p 19, Section 2.2.1 Regeneration, Policy (3)

  • If you are able to say that the strategy is to achieve a 60% regeneration target by 2046, you should also be able to give a proportional percentage target for public amenities and services within 15-minute neighbourhoods, as it is stressed in the OP the importance of public amenities and services

p. 22, Section 2.2.2 Economic Development, Policy (1) Enhance Ottawa’s high quality of life to attract a skilled workforce and businesses

  • Policy Intent (1) should be more encompassing. Are we going to enhance the high quality of life to attract only what is currently stated rather than a diversity of employment?

pp. 23-24, Section 2.2.2 Economic Development, Policy (6) Support growth of important economic generators through Special District Policies.

  • Why is the idea of “growth” associated with several of these Special Districts, including Parliament, Lansdowne and the Ottawa River Islands?  Where is the growth beyond what’s already there or approved?

p. 28, Section 2.2.3 Energy and Climate Change, Policy (6) Build resilience to future flood risks: Avoiding building in flood plains and mitigating risks in areas vulnerable to flooding under future climate conditions.

  • The language here should be “prohibiting” as opposed to “avoiding” building in flood plains
  • Using low impact development storm water management features to manage rain where it falls should include our streets and roads, and should be explicitly stated.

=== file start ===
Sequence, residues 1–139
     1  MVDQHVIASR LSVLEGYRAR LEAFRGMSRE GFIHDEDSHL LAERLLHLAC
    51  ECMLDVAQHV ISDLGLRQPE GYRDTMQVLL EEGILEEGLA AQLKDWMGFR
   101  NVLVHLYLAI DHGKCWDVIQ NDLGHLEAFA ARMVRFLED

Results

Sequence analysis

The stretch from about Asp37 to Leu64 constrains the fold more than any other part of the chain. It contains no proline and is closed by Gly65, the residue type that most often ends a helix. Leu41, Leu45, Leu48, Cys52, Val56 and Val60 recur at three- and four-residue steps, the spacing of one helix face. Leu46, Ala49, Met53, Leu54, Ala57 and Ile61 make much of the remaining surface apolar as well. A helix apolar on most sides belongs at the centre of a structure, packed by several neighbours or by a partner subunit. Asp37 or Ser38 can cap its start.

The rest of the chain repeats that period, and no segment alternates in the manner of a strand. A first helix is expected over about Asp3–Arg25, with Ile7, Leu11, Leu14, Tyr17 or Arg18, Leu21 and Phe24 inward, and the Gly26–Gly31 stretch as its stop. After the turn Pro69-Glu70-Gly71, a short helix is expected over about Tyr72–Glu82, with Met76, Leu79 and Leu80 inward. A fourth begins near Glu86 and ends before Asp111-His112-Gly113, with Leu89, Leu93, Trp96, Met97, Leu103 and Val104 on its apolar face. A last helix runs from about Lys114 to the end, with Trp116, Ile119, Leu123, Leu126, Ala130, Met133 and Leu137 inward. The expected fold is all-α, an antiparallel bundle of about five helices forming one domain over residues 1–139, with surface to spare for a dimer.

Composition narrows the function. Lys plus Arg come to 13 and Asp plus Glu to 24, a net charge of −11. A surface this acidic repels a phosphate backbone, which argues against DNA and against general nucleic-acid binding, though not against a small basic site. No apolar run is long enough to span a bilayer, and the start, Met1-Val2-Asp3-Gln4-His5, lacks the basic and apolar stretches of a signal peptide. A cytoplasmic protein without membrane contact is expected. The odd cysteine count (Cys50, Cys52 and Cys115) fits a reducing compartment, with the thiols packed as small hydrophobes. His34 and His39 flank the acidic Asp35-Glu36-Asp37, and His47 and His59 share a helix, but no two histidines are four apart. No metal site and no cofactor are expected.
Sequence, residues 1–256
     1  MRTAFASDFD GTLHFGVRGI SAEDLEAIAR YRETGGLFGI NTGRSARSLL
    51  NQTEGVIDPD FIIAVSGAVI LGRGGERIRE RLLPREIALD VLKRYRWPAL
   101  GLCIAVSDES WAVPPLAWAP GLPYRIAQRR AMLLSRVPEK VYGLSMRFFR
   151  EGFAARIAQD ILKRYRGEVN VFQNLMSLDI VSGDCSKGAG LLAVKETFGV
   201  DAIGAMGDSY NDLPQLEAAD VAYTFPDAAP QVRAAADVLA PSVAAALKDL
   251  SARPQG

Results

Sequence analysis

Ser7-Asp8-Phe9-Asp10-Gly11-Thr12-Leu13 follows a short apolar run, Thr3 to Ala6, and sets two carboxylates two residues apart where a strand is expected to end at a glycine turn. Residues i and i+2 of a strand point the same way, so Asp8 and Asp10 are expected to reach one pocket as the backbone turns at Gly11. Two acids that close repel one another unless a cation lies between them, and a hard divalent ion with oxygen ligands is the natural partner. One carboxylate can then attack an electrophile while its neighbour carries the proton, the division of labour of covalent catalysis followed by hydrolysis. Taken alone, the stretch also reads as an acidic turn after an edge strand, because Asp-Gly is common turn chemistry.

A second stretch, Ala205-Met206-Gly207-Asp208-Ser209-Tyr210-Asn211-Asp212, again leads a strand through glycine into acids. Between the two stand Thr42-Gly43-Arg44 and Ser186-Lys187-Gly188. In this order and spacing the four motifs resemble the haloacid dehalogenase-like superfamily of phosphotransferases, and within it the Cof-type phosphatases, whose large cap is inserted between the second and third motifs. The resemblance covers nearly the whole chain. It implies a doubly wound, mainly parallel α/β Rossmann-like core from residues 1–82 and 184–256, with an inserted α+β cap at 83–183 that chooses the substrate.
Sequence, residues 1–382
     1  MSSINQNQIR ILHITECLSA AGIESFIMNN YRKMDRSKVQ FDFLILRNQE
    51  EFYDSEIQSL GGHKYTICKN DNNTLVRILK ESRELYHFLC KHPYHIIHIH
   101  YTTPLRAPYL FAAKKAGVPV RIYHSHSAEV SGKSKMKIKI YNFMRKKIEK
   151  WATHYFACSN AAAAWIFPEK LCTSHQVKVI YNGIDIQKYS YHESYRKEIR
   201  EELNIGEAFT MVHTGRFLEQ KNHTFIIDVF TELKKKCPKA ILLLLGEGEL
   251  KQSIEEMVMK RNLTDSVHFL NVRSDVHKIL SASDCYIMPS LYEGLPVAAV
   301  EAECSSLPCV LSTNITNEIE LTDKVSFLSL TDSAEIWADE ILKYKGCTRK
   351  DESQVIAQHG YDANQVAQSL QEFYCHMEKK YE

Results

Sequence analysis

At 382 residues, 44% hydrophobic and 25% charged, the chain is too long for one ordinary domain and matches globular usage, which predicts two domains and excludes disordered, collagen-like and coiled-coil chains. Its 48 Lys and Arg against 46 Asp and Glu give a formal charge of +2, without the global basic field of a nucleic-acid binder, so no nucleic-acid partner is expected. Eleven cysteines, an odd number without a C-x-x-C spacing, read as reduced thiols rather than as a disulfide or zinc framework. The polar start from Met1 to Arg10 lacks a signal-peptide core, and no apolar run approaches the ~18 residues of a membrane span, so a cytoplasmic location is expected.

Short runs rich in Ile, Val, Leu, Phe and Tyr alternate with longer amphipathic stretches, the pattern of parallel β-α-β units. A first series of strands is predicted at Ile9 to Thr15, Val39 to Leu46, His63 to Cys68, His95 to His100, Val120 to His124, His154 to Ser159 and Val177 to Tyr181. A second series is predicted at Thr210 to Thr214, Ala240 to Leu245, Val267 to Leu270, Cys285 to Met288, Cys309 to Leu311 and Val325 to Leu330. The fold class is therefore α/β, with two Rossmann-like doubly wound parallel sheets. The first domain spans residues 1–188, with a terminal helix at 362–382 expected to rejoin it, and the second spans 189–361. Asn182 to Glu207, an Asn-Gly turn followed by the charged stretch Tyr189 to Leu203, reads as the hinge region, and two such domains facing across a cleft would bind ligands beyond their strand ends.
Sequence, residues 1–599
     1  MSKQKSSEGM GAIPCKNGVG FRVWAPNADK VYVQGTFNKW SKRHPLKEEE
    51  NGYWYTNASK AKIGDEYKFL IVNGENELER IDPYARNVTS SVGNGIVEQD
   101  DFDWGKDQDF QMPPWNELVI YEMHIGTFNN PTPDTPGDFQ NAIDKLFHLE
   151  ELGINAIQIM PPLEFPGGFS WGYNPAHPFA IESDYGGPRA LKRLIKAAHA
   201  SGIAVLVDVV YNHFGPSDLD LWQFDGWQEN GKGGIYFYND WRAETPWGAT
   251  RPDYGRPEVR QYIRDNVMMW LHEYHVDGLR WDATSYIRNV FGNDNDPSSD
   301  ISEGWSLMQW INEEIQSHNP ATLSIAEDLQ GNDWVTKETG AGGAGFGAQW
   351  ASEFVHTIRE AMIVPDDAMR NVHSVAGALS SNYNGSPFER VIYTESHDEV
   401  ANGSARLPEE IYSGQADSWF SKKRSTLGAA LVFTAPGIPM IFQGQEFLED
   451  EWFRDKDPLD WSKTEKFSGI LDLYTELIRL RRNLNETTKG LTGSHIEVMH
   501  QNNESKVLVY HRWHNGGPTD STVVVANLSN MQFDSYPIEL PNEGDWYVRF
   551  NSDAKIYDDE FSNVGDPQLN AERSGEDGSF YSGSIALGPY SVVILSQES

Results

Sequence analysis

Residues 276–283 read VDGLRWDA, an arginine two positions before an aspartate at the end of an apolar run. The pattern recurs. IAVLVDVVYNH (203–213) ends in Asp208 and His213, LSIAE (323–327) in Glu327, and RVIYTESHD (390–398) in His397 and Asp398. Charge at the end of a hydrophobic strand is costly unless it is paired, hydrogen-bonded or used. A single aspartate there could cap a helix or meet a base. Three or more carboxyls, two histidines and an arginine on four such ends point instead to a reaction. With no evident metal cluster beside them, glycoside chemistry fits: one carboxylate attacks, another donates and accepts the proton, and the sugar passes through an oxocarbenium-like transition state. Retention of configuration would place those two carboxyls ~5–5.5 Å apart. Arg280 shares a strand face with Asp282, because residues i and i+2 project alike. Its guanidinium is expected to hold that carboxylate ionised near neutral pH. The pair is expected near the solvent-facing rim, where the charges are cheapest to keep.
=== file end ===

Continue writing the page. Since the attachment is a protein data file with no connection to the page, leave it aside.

(Comment: The impacts of intensification are dramatic in the Selby Plains area in Westboro Beach, resulting in events such as flooding of residences that for decades never flooded before. Increased density has impacted residents negatively.)

p. 29, Section 2.2.3 Energy and Climate Change, Policy (8) Enable local food production 

  • Add a 4th bullet: Supporting nut and fruit bearing trees and shrubs along pathways to support organizations that provide food to those living with food insecurity

p. 30, Section 2.2.4 Healthy and Inclusive Communities, “What we want to achieve” box

  • If you are going to spell out “design for all ages including children and older adults” in (2) – it should either not be spelled out, or it should include “persons living with a range of difficulties”. It is spelled out under Policy Intent on the following page, but it should be included in the highlights because of its importance.

p. 31, Section 2.2.4 Healthy and Inclusive Communities, Policy (1), 3rd bullet